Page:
that published regional studies data from Crete tend to be confined to the areas away
from major centres. At the time of writing, it is impossible to discuss in detail the
landscapes surrounding the major palaces using systematically collected, intensive
archaeological survey data. Day and Wilson's contribution relies on the fact that the
region of Knossos is well known through its long history of exploration (d. Hood and
Smyth 1981) and their own studies of ceramics. In this respect, we eagerly await
publication of archaeological work in the vicinity of Phaistos (d. Watrous et al. 1993)
and Malia (d. Muller 1990; 1998) and initiation of the first systematic survey of the
Knossos region. To some extent, therefore, the comparison between the two papers in
this volume is a comparison between 'apples and oranges': the material culture of a
large, central site excavated over a century versus that of a series of small, rural sites
evidenced by surface remains. Ideally we need both types of data for both types of
sites in order to carry out either an ecological or a phenomenological approach


Landscapes: Phenomenology versus Ecology

The archaeology of landscapes is perhaps one of the areas in archaeology that has
displayed the largest growth in the 1980s and 1990s. Its prominence has been fuelled
partly by the expansion in regional studies projects designed to explore the
relationships between humans and their 'environments'. A major secondary factor,
however, has undoubtedly been the emergence of broadly phenomenological
approaches within archaeology (e.g., Barrett 1994; Edmonds 1999; Gosden 1994;
Thomas 1996; Tilley 1994). The two trends are reflected to different degrees in
contemporary landscape archaeologies (e.g., Fisher and Thurston 1999; Knapp and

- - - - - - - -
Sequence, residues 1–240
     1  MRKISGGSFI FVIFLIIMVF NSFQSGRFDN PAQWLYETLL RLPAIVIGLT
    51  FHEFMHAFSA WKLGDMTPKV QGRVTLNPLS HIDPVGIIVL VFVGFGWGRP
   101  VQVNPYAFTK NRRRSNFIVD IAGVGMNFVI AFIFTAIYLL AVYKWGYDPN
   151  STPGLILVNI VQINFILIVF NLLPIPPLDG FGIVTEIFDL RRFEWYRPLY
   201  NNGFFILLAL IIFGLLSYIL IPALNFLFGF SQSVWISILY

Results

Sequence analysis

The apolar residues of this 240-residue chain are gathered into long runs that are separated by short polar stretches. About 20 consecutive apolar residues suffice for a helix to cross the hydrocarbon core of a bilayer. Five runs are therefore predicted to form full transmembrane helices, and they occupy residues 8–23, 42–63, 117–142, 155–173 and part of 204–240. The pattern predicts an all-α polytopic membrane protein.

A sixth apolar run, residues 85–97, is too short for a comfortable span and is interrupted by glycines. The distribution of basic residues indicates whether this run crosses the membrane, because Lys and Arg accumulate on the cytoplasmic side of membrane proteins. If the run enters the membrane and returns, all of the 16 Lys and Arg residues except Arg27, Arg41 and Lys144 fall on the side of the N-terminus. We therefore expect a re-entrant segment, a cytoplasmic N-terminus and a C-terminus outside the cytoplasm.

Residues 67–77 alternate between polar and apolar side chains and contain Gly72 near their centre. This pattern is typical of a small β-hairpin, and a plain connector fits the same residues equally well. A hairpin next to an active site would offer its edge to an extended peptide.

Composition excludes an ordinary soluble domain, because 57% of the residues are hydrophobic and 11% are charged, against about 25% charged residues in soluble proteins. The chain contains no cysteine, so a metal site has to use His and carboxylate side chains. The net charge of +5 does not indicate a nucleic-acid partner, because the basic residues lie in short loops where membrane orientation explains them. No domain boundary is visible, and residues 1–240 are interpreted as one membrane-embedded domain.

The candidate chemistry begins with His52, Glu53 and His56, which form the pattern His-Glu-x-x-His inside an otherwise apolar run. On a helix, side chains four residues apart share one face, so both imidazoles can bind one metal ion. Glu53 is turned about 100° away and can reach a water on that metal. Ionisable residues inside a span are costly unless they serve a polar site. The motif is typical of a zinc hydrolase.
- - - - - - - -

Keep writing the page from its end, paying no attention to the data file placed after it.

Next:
Ashmore 1999; Bradley 2000). For Bender (1999) and Stoddart and Zubrow (1999),
these two trends - a broadly ecological, or scientific approach versus a cultural or
phenomenological one - are characteristic of American and British archaeological
discourses respectively.
That there should be two papers in this collection on landscape is not surprising,

Production and Consumption: Pots and Politics

The study of ceramics has, from the outset, been central to Minoan archaeology.
Shifting styles of fine-ware pottery were used as the basis for Evans's tripartite cultural
scheme and have been refined ever since (e.g., Betancourt 1985). In keeping with the
discipline'S origins in antiquarianism and connoisseurship, some Minoan fine-ware
pottery has even been subject to the identification of individual artists in the way that
Beazley attributed pots in the Athenian Black- and Red-figure styles (d. Cherry 1992).
In the 1970s and 1980s, provenance studies became increasingly important (e.g., Jones




1986), offering the possibility (not always realised) of pinpointing production centres
and therefore charting the distribution of pottery within Crete and beyond. Since then,
pottery study has increased in sophistication, employing chemical and petrographic
analyses as provenance indicators at the micro level, within the island itself, and
combining them with detailed studies, along the lines of the chaine opera to ire model,